Areas of Intervention:
Articulation is a product of speech sounds created by movements of lips, tongue and jaw, as well as the vocal cords. An articulation disorder is mispronunciation of speech sounds, such as sound substitutions, omissions, distortions (ex. lisps), and additions. This can affect a child's overall speech clarity.
Receptive language skills refer to the ability to understand and comprehend spoken language. Expressive language skills refer to the words we use to share ideas and express ourselves. Children with language delays or disorders may have difficulty with the following:
Identifying objects and pictures
Understanding a story
Making comments and asking questions
Receptive and expressive language disorders may be developmental or acquired as a result of a brain injury.
Stuttering affects the fluency or the "flow" of our speech. It typically begins during childhood and can persist throughout a person's life. People who stutter may get stuck on certain words or sounds. They may feel tense of uncomfortable when talking to other, and may change words to avoid stuttering. Disfluencies can include:
Repetitions of sounds, words or sentences
Blocks or stops
Prolongation of sounds
Social communication refers to the verbal and non-verbal skills, social interaction, pragmatics and social cognition skills needed for effective communication in variety of social contexts. Social communication skills include the ability to vary speech style, take the perspective of other, understand and appropriate use the rules for verbal and non-verbal communication as well as using the structural aspects of language (ex. vocabulary, syntax, phonology) to accomplish these goals.
Social communication disorder may be a distinct diagnosis or may co-occur with other conditions, such as intellectual disability, developmental disabilities, learning disabilities, language disorders, ADHD, traumatic brain injury (TBI), Autism Spectrum Disorder (ASD), etc.
Reading and Writing
Literacy skills are the ability to read and write or use language proficiently. Children learn essential skills before they can be able to read and write. These skills include but aren’t limited to: book awareness, phonological awareness, letter-sound correspondence, decoding (sounding words out) and sight word recognition. These skills pave the way for children’s ability to read and write (learn in general).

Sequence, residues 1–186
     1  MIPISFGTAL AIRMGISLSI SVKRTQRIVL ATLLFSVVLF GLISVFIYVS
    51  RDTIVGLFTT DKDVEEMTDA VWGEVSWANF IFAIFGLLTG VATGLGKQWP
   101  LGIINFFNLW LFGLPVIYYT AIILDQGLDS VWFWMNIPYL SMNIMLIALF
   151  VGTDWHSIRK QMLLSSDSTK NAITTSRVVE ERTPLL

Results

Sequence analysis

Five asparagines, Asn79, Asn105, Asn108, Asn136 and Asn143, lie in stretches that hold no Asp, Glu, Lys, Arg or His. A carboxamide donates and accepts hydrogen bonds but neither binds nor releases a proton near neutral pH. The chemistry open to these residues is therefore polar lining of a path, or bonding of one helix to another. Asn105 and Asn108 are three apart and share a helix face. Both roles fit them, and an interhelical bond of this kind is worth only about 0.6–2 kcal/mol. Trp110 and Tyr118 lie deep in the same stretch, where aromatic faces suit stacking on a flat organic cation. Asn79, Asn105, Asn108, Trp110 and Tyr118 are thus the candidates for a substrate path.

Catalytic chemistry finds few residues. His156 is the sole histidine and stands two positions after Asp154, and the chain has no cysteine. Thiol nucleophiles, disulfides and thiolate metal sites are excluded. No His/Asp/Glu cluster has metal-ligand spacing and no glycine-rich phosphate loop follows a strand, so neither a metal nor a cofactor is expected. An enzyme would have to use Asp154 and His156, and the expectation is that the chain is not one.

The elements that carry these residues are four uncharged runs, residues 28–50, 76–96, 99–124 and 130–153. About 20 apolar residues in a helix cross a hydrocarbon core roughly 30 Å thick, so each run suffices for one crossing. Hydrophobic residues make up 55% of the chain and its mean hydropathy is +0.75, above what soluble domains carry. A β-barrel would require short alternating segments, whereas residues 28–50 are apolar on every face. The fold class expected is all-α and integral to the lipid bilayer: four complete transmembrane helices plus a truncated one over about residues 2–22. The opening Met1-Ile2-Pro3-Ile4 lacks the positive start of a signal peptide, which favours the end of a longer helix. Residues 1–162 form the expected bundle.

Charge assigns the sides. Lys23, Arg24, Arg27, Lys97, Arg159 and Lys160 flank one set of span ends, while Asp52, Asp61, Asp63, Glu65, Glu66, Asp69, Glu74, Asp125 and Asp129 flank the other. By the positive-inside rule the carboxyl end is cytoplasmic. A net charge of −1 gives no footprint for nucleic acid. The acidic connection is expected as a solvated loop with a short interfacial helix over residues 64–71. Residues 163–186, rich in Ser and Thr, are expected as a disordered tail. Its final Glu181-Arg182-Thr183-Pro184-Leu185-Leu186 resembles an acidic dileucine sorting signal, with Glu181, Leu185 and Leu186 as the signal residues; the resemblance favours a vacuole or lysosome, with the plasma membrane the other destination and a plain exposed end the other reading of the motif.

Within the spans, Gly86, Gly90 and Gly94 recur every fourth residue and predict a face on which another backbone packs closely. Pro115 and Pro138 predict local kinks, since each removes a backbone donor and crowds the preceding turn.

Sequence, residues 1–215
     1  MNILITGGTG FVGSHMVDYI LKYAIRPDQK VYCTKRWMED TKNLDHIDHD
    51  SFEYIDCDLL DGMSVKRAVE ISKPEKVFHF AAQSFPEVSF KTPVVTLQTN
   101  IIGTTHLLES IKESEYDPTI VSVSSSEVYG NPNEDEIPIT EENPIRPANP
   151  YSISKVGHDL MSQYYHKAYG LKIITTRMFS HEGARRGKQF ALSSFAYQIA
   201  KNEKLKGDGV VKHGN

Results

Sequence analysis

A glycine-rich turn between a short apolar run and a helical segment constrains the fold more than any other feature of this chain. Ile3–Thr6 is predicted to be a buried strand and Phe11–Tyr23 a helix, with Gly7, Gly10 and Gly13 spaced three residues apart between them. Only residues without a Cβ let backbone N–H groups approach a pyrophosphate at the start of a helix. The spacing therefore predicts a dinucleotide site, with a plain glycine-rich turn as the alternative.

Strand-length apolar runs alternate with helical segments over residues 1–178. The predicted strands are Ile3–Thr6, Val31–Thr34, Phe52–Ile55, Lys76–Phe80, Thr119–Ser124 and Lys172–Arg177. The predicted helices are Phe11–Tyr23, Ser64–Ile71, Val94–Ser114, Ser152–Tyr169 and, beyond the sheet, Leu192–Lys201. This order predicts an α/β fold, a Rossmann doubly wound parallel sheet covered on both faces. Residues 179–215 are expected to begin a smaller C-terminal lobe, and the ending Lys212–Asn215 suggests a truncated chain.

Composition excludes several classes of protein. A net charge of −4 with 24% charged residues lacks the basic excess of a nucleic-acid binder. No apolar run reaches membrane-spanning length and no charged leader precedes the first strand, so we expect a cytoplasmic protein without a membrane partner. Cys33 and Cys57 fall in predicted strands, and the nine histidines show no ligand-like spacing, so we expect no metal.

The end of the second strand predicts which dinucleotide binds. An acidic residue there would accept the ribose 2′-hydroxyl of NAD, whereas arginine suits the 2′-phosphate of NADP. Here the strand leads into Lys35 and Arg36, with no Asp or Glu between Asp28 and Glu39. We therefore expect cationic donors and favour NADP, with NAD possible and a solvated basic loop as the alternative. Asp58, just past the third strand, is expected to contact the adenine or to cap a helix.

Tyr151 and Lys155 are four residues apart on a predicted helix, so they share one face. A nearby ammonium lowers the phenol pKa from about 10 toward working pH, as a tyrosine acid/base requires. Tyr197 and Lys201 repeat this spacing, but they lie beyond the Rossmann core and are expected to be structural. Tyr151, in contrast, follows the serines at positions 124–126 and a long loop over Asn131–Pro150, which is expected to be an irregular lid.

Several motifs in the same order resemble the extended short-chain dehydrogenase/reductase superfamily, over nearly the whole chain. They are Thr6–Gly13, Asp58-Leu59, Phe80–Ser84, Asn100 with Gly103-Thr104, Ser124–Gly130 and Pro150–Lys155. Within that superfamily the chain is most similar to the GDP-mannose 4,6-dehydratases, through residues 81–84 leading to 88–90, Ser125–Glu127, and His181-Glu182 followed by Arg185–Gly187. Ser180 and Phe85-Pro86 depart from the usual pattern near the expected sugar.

If a child takes longer than expected to learn these skills, he/she may be said to be experiencing a literacy delays/disorders (ex. dyslexia, dysorthographia, etc.). A learning disability is diagnosed by a psychologist following a comprehensive psychoeducational assessment. Speech-Language Pathologists can identify your child's areas of difficulty and provide evidence-based intervention and strategies to improve and remediate a child's literacy skills. Working with your child's school team is important to ensure carryover and generalization.
Autism Spectrum Disorder (ASD) is a neurodevelopmental disorder characterized by deficits in social communication and social interaction and the presence of restricted, repetitive behaviors. Children diagnosed with ASD may present with the following difficulties:
Verbal and non-verbal skills (gestures, eye contact, facial expressions, emotions)
Changes in routine
Sensitivity to sensory input
Oral-motor skills refer to our ability to control our lips, tongue and jaw muscles which we require to talk, eat, sipping from a straw, etc. Some oral-motor disorders have a neurological component. For example, a child diagnosed with "Childhood Apraxia of Speech (CAS)" will have trouble moving and coordinating different parts of their mouths in order to form words.